World diplomats in Paris to urge renewed Middle East peace talks

US Secretary of State John Kerry speaks with European Union Foreign Policy Chief Federica Mogherini. Picture; PA
US Secretary of State John Kerry speaks with European Union Foreign Policy Chief Federica Mogherini. Picture; PA
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A major international conference to try to restart peace negotiations between Israel and the Palestinians is under way in Paris.

Fearing a new eruption of violence in the Middle East, more than 70 world diplomats gathered on Sunday to push for renewed peace talks that would lead to a Palestinian state.

The UK government displayed its determination to stay close to Donald Trump’s administration by refusing to send a high-level delegation to the conference organised by the French government. Neither a foreign office minister, nor the UK’s ambassador to France attended.

The conference is meant to be a forceful message to US president-elect Donald Trump and Israeli prime minister Benjamin Netanyahu that much of the world wants peace and sees a two-state solution as the best way to achieve it in the Israeli-Palestinian conflict.

“A two-state solution is the only possible one,” French Foreign Minister Jean-Marc Ayrault said in opening the conference, calling it “more indispensable than ever” to solve the protracted conflict.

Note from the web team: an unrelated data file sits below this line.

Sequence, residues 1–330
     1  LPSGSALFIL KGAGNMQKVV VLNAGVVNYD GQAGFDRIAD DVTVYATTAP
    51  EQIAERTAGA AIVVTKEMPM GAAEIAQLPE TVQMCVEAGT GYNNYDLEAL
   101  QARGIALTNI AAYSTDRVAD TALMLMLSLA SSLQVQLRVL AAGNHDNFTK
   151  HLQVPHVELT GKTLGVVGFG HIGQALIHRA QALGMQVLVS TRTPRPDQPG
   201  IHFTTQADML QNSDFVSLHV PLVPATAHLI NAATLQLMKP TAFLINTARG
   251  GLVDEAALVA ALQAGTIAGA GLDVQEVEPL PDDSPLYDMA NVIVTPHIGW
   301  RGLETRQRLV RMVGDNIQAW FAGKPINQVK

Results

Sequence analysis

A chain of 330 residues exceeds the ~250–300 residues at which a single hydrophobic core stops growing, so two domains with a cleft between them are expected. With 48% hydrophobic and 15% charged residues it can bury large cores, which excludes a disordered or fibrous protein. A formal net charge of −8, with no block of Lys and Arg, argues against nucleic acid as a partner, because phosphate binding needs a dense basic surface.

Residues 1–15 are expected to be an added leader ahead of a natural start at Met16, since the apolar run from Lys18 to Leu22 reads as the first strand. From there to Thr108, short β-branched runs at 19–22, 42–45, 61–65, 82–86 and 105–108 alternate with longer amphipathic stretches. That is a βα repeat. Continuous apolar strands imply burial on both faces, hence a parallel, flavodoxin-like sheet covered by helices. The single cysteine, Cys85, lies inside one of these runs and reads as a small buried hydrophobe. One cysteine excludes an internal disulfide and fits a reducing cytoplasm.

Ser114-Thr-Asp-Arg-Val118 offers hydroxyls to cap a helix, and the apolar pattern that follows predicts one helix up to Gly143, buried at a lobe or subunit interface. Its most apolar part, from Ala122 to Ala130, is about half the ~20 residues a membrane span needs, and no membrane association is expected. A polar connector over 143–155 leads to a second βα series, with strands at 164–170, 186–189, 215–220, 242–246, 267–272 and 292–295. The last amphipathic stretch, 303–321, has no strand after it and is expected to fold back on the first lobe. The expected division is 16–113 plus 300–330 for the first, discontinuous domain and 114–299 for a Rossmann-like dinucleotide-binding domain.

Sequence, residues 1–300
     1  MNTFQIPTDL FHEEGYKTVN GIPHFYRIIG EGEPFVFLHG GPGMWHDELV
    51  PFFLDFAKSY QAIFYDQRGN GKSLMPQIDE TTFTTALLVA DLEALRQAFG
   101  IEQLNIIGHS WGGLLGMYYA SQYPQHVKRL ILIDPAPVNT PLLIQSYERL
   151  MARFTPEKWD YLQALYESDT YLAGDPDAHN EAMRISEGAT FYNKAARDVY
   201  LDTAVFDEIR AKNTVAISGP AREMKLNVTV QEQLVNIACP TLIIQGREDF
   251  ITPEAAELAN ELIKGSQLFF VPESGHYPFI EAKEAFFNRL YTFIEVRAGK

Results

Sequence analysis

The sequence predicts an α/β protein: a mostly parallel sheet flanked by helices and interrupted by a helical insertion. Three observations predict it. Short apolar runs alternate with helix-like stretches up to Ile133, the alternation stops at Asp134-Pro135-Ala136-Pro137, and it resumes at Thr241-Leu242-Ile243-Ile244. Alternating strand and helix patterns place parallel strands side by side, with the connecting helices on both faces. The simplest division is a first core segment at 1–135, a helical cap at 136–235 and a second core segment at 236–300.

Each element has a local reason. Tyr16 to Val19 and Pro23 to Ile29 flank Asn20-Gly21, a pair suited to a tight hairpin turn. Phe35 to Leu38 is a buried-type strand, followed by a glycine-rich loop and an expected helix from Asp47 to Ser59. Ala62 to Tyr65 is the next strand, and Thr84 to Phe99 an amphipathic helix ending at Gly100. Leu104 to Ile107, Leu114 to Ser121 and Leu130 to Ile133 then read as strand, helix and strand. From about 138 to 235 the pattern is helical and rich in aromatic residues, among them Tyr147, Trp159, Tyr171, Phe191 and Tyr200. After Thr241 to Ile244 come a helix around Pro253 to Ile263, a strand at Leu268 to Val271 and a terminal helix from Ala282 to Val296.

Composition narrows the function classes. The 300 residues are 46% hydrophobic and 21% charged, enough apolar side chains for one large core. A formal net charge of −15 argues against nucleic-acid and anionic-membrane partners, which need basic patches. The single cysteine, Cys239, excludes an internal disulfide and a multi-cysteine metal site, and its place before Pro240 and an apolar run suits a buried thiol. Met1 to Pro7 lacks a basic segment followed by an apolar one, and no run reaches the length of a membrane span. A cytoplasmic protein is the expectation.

Netanyahu has snubbed Sunday’s conference as “rigged” against Israel, and Trump’s incoming administration isn’t taking part.

The gathering is an “empty summit” that was cooked up behind Israel’s back and is designed to force conditions on the country that are against its national interests, Netanyahu said.

French diplomats fear Trump will unleash new tensions in the region by condoning settlements on land claimed by the Palestinians and potentially moving the US Embassy from Tel Aviv to contested Jerusalem.

“Both parties are very far apart and their relationship is one of distrust – a particularly dangerous situation,” Ayrault said at the conference. “Our collective responsibility is to bring Israelis and Palestinians back to the negotiating table. Is there an alternative? No, there isn’t.”

US Secretary of State John Kerry is in Paris defending American interests at the conference, in his last major diplomatic foray before he leaves office.

Netanyahu declined an invitation to a special meeting after the conference, and Palestinian President Mahmoud Abbas was initially expected, but his visit to Paris was postponed.

The Israeli prime minister said the gathering would do little to promote peace and marks the “last flutters of yesterday’s world”.

“Tomorrow will look different and tomorrow is very close,” he said in apparent reference to Trump’s incoming administration.

According to a draft statement obtained on Friday, the conference will urge Israel and the Palestinians “to officially restate their commitment to the two-state solution”.

It also will affirm that the international community “will not recognise” changes to Israel’s pre-1967 lines without agreement by both sides. The final conference declaration also may warn Trump against moving the embassy, a move that could be seen as recognising Jerusalem as Israel’s capital after decades of insisting that the city’s status must be determined by direct negotiations.

Israeli and Palestinian leaders have not negotiated even indirectly since a failed US-led peace effort in 2014.